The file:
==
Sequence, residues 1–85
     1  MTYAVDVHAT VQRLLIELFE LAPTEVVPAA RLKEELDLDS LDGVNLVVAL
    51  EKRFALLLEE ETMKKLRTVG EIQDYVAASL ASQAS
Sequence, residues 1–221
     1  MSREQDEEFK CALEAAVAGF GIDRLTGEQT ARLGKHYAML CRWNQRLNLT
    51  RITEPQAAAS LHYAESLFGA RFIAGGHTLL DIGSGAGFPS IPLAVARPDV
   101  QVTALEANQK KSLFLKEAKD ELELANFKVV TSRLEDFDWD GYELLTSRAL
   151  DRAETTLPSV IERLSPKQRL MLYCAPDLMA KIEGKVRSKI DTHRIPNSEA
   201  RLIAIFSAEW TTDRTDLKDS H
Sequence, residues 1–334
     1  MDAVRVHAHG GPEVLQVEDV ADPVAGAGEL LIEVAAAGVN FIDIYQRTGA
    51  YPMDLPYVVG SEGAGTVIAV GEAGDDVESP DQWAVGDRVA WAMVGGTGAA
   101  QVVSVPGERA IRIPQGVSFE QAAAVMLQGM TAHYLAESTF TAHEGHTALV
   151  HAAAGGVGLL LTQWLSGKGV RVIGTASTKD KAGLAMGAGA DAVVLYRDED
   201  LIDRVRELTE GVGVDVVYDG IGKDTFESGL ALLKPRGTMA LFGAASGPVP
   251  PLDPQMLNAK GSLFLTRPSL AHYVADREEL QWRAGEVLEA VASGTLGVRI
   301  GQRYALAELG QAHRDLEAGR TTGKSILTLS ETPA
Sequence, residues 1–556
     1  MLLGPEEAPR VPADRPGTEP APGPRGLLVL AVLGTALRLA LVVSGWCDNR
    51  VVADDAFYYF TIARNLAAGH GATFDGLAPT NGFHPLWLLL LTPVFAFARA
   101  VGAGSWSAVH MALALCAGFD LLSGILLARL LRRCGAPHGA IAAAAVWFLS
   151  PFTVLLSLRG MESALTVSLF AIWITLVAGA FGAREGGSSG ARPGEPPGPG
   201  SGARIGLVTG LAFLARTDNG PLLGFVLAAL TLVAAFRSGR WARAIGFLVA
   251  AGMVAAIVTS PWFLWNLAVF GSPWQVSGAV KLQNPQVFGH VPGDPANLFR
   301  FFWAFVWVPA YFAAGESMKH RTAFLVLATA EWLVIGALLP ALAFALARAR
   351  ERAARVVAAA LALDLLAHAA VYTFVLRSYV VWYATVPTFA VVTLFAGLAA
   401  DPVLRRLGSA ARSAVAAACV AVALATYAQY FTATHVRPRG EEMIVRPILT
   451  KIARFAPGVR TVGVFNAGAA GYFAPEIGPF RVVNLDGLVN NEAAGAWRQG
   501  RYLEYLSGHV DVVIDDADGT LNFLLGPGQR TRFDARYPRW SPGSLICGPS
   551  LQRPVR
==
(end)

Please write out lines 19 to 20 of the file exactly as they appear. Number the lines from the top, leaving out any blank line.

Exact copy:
     1  MLLGPEEAPR VPADRPGTEP APGPRGLLVL AVLGTALRLA LVVSGWCDNR
    51  VVADDAFYYF TIARNLAAGH GATFDGLAPT NGFHPLWLLL LTPVFAFARA